Here is what pissed me off. I understand that Sunday morning quarterbacking is easy. Facing off against a armed fundamentalist is hard. The man did not take the opportunity to make it clear that he was in fact leaving without consent and under stress and duress. That he was in fear for his life from the armed man giving him a unlawful order. Then and only then he should have left. It would make the actions of the officer Criminal Coercion. Dictators are nothing more than pickpockets, unless a thug follows his orders. I place all blame for this on the officer who should have honored his oath.
trollsopinion — 2014-09-01T23:32:03-04:00 — #14
As your friendly neighborhood troll I think...well, I got nothing, this guy is a tool. Someone needs to put this cupcake on the fascist watchlist.
Sorry, I will try to be better troll in the future.
acerplatanoides — 2014-09-01T23:39:45-04:00 — #15
I've certainly noticed that people who are intolerant just want you to sit down and shut up, occasionally kneel, and sing with the chorus, speak the rote lines when it's your turn, pay up when the plate goes around and come back next week.
And once you've voluntarily climbed on that treadmill, only they get to say when it's your turn.
And i say this as someone who attends church regularly, just not one full of assholes like this mayor.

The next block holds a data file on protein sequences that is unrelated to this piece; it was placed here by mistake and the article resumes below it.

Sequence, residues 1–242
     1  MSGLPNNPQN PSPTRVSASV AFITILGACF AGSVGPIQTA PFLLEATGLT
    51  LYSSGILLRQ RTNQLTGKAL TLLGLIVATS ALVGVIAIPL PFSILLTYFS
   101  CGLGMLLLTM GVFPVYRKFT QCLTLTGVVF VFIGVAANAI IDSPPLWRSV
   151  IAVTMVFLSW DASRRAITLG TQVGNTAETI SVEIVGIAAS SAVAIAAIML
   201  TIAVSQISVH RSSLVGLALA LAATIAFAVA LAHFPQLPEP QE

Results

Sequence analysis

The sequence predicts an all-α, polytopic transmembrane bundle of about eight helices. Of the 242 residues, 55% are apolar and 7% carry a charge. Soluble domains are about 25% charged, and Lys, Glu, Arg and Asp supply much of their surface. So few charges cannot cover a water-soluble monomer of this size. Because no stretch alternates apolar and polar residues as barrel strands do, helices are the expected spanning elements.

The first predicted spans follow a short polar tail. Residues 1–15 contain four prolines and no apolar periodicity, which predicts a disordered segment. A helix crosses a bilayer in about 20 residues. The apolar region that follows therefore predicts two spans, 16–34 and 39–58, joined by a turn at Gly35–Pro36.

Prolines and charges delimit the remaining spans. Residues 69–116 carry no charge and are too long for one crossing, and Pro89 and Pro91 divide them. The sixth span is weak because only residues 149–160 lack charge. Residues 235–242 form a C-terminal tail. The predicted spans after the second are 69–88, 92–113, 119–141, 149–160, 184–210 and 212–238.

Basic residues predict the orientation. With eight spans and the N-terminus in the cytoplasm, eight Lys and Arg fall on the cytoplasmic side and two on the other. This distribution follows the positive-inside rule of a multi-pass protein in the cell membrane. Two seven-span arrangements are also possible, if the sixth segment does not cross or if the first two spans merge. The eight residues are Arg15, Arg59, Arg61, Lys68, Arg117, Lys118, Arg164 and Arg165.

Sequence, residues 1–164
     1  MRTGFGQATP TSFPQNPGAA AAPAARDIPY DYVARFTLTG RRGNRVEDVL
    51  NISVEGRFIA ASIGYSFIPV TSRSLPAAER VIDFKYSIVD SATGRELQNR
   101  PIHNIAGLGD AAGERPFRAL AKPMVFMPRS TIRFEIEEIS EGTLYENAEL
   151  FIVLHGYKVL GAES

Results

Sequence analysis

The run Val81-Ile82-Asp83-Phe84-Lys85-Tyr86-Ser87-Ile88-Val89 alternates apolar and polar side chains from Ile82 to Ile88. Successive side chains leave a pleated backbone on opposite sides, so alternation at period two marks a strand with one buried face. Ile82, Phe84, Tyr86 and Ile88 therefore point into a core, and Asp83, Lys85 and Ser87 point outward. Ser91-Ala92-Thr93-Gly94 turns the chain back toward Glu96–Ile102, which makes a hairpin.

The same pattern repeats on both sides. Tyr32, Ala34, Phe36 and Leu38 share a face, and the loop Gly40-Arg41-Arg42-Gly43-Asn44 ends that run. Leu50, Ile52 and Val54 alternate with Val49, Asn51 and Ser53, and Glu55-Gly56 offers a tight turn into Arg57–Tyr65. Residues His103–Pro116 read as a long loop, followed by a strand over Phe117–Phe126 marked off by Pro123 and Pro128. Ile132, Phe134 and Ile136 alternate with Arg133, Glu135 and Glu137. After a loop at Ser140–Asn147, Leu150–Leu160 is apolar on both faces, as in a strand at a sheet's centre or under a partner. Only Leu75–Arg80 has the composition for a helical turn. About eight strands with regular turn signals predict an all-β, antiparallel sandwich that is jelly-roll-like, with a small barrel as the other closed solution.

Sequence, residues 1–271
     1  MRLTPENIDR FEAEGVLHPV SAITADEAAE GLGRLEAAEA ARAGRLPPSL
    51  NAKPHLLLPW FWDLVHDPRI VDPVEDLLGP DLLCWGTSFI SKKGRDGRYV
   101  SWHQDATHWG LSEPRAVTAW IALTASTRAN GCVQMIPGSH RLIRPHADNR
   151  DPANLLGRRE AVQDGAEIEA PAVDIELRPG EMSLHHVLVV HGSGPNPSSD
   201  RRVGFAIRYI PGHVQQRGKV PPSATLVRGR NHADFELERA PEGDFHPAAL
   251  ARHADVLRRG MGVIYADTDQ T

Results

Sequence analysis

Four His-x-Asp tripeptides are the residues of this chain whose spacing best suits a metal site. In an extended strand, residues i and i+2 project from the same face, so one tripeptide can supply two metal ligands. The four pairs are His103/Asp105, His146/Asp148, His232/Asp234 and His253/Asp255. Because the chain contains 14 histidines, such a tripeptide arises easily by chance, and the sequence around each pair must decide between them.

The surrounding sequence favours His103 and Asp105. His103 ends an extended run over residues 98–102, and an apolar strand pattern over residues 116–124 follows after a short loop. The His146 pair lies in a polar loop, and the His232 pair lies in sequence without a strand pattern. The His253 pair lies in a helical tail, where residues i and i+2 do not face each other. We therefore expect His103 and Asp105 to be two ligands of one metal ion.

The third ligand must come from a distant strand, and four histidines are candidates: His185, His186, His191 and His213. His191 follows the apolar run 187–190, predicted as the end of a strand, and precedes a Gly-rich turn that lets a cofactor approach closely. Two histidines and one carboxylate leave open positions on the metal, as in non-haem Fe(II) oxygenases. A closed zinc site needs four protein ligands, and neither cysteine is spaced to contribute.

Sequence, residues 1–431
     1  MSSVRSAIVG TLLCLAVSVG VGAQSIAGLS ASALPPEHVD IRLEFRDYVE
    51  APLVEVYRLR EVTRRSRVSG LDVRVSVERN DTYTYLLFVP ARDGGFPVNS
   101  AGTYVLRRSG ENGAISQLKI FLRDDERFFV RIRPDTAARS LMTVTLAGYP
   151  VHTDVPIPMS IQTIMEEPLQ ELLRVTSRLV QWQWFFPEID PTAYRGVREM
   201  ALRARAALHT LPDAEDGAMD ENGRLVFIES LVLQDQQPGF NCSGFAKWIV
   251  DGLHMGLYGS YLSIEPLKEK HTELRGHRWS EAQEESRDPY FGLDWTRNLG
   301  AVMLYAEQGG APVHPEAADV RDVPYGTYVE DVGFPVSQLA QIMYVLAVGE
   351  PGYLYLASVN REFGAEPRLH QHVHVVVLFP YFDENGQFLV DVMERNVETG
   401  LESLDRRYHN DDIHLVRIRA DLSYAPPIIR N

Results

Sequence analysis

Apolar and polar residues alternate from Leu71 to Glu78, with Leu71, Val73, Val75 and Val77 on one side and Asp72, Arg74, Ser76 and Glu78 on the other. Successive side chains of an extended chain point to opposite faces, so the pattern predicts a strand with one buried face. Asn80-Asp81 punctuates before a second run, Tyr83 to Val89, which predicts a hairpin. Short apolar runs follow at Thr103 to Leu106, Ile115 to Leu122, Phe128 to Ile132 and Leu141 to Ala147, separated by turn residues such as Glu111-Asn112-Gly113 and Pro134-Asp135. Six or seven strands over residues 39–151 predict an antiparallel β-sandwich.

lamaranagram — 2014-09-01T23:40:11-04:00 — #16
Well... I get why he's opposed to the pre-meeting prayer, I get why he shouldn't have to stand, and I do admire that he's putting his time (more valuable than money quite often) where his mouth is. Good for him. I do not fault him. Seems silly to attend the meetings with the sole purpose of sitting rather than standing. Hopefully it's all leading somewhere for him.
acerplatanoides — 2014-09-01T23:40:56-04:00 — #17
yeah, they should totally take all the chairs out of the room. Good point.
acerplatanoides — 2014-09-01T23:42:02-04:00 — #18
and he is not against the prayer. He is against the enforced, unconstitutional compulsion.
or maybe you're right, and he's just a petty jerk from a small town trying to make it big.
lamaranagram — 2014-09-01T23:49:18-04:00 — #19
I didn't mean "getting somewhere" in that sense. I meant if it's furthering his cause locally then good. And really after reading all the comments i change my mind entirely. Good on this guy for taking on the issue locally.
acerplatanoides — 2014-09-01T23:50:04-04:00 — #20
That's okay. it seems like someone else is on it. Happy Labor Day.